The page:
To read the entire review, as it appears in the July 17, 2014 Naples Florida Weekly, click here Florida Weekly – James Webb 1 and here Florida Weekly – James Webb 2.

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A searing, beautiful story of love, loss, and the long road to revival

Unremarried Widow: A Memoir, by Artis Henderson. Simon & Schuster. 256 pages. Hardcover $25.00.

Of all the memoirs I’ve read since becoming a weekly book reviewer in 2006, this brilliant achievement is rivaled only by Kelle Groom’s “I Wore the Ocean in the Shape of a Girl” (2011). Though the books share a publisher and a theme of recovery, the strength of each is ultimately its uniqueness. Both memoirs are devastating, healing, and uplifting. Thunderstorm over Karoo landscape, Nieuwoudtville, South Africa

Unremarried Widow relates the unexpected grand passion of a fairly reserved young woman for a man whose type she would never have expected to cherish. Artis had graduated from the Wharton School of Business, spent a year in Paris, dabbled with idea of becoming a writer, and worked for a U. S. senator back home in Florida. Miles Henderson, a handsome, outgoing outdoorsman – the very picture of a Texas ranch hand – was an Army helicopter pilot. They meet in a Tallahassee bar. It doesn’t take long.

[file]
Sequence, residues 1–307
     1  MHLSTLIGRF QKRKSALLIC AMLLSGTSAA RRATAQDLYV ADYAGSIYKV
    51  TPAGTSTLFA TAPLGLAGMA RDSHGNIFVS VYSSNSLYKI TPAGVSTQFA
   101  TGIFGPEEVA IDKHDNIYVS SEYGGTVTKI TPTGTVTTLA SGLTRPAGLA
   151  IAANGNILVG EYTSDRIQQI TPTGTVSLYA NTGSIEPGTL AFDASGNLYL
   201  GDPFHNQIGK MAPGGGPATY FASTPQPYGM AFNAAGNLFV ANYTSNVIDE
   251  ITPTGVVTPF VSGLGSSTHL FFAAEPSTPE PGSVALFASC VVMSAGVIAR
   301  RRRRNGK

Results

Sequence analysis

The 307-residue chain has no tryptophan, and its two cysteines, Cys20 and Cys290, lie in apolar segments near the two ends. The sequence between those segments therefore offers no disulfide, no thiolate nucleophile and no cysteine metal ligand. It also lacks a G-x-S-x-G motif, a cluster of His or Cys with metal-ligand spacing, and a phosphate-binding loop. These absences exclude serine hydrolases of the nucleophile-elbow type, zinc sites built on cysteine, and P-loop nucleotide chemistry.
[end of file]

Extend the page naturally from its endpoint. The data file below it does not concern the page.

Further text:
These very different people, linked by some unfathomable core connection, make room for each other’s enthusiasms. It seems easy for them to share experiences. But all is not well. Artis finds little room for herself in the role of army wife. She doesn’t fit in with the other women. She makes a few friendships, but some desires and needs of the pre-Miles Artis are undernourished. Spiritually, she’s wasting away.

Too soon, Miles is in Iraq and Artis is in some kind of suspension. Too soon after that, Miles is a casualty – his Apache helicopter having crashed, killing him and the other pilot. HendersonArtis

Too soon, Artis becomes a grieving widow – just as her mother had become twenty years earlier when Artis was a young child.

Incredibly, Artis had lost her father to a plane crash and was raised by a mother who severely suppressed her grief, ridding their home of signs that her husband had ever lived. We wonder what lessons Artis learned from her mother’s behavior, which involved refusing to talk about that tragic loss. How did this affect the mother-daughter relationship? What kind of comfort, if any, can her mother provide?

Who can judge another’s manner of grieving, or not grieving?

The heart of the book is the author’s harrowing portrait of her grieving self. Loneliness, anger, and despair are only a few of the emotions processed in the wake of her husband’s demise. Ms. Henderson describes with unvarnished honesty the tides of greater and lesser hurt that buffeted her. . . .

To read the entire review as it appears in the April 23, 2014 Fort Myers Florida Weekly, the April 24 Bonita Springs and Naples editions, and the May 1 Punta Gorda/Port Charlotte edition, click here:  Florida Weekly – Henderson.